After a regular season featuring 17 weeks of thrills and a postseason capped by an entertaining Super Bowl with a record-breaking TV audience, it might seem a no-brainer to give America what it can't get enough of:
That's what the league says is behind its push to expand the regular season from 16 to 18 games. Though there are other issues, that one has become a major sticking point in the ongoing labor fight between owners and players and threatens to bring the world's most lucrative sports enterprise to a standstill.
Commissioner Roger Goodell seems intent on making the change. Players continue to band together in staunch opposition.
Will it happen? Should it happen?
There are few absolutes. In fact, the only thing that is clear is the sides' disparate points of view.
The league's owners have approached the issue by appealing to fans' disdain for meaningless preseason games. The current proposal would reduce the four-game preseason to two, replacing the final two preseason games with two additional regular-season contests.
"Repeatedly, the fans have said the quality of the preseason doesn't meet NFL standards," Goodell said during his Super Bowl address last week. "That is one of the basis on which we started to look at the 18-and-two concept, by taking two of those low-quality, noncompetitive (preseason) games and turn those into quality, competitive (regular season) games that the fans want to see.
"I feel an obligation to make sure we are doing the best we can to present the best football."
Goodell has targeted season-ticket holders in particular, because they are charged full price for preseason games.
The NFL Players Association, whose members are preparing to be locked out by owners when the collective bargaining agreement expires in three weeks on March 3, is steadfastly against the proposal. It contends more regular-season games will result in an increase in injuries and shortened careers.
They cite rising injury numbers. Union data said 352 players ended this season on injured reserve, including 13 Buccaneers (up from 250 overall in 2009). Among those players, a total of 3,278 games were missed, each player averaging 9.5 games on IR.
"You can't paint the picture any clearer than that," said George Atallah, NFLPA assistant executive director of external affairs.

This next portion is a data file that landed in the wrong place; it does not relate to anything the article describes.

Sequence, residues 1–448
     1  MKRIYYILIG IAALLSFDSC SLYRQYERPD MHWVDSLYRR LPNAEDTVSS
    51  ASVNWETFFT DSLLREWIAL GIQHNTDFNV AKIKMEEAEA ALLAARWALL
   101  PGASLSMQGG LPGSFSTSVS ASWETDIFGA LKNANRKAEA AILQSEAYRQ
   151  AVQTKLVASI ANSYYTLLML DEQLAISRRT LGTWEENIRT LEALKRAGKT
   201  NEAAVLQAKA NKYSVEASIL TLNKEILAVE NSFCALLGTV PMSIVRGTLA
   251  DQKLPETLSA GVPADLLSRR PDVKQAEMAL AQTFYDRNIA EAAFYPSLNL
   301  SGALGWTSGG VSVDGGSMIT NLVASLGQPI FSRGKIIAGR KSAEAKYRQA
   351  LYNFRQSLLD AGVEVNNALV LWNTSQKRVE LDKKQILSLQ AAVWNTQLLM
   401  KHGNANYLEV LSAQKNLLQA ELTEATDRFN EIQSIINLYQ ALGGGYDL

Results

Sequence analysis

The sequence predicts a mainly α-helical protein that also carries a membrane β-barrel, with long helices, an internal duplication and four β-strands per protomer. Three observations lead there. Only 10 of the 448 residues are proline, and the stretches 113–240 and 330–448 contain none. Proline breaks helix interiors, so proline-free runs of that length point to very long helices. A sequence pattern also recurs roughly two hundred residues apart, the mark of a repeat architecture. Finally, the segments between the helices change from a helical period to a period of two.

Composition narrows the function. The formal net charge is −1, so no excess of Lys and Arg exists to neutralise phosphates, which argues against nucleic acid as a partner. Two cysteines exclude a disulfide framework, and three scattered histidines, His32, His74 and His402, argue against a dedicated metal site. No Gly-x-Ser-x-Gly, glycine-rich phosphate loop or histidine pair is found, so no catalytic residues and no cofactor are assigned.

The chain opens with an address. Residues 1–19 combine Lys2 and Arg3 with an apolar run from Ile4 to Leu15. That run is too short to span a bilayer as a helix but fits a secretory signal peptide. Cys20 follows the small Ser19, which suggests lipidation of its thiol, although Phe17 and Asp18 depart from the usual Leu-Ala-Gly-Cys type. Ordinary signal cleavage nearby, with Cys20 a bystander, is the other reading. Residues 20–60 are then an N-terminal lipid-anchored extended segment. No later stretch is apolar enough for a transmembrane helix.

While the total number of games (preseason and regular season) would remain at 20, the cumulative effect of playing more regular-season games will be absorbed mostly by prominent players. They play sparingly in the preseason when rosters can have as many as 80 players, spreading out the wear and tear. When the regular season begins, rosters are capped at 53 as starters play their requisite 40 or 50 snaps.
Over the years, the toll of two additional games could add up.
"We had 352 active players finish on injured reserve," said Browns linebacker Scott Fujita, a member of the union's influential executive committee. "That's a really, really high number. And the way 18 games so far has been proposed, with no consideration for players and post-career benefits, making sure players are taken care of over the long haul … it's disappointing.
"It feels like a slap in the face."
Fujita added that players currently receive five years of health coverage after their careers end, but, "When I talk to players who retired, eight, nine, 10 years ago, a lot of those guys didn't really have any issues in their first five years post-career. A lot of issues started … eight, nine, 10 years post-career when you've got to get another knee operation, or you've got to get a knee replacement or hip replacement. Those are the things that cost a whole lot of money."
Fewer preseason games also means marginal players trying to make the roster will have less of an opportunity to prove themselves to coaches.
But to a great extent, this fight hinges on the same issue holding up the labor negotiations: money.
For all the talk of giving fans what they want, owners openly acknowledge they want to expand the season because they think it will result in additional revenue. And players seem willing to discuss the expansion if they believe they are being adequately compensated — despite their health and safety concerns.
It's difficult to say how much an expanded regular season would impact revenues, but one expert says it might not create an automatic windfall.
"I don't think that's the case at all," said Scott Rosner, academic director of the Wharton Sports Business Academy at the University of Pennsylvania.
"You're not expanding your gate receipts (because the number of total games doesn't change). You can argue that, locally, you could see a marginal increase in concessions and in stadium sponsorships being worth more because the preseason games aren't well attended. But the real increases would come from national media. We're talking about television revenues seeing a proportional increase."
Rosner agreed that, in the short term, 18 regular-season games could make financial sense. But he urged caution in the long term: "One of the reasons the NFL is so successful is because they have the perfect formula — 16 games in 17 weeks. You're certainly concerned about diluting the product. You have to wonder whether there's going to be the same demand.
"It's certainly not a risk-free endeavor."
Given the sizable gulf between the sides, this also is an endeavor that's a long way from becoming reality.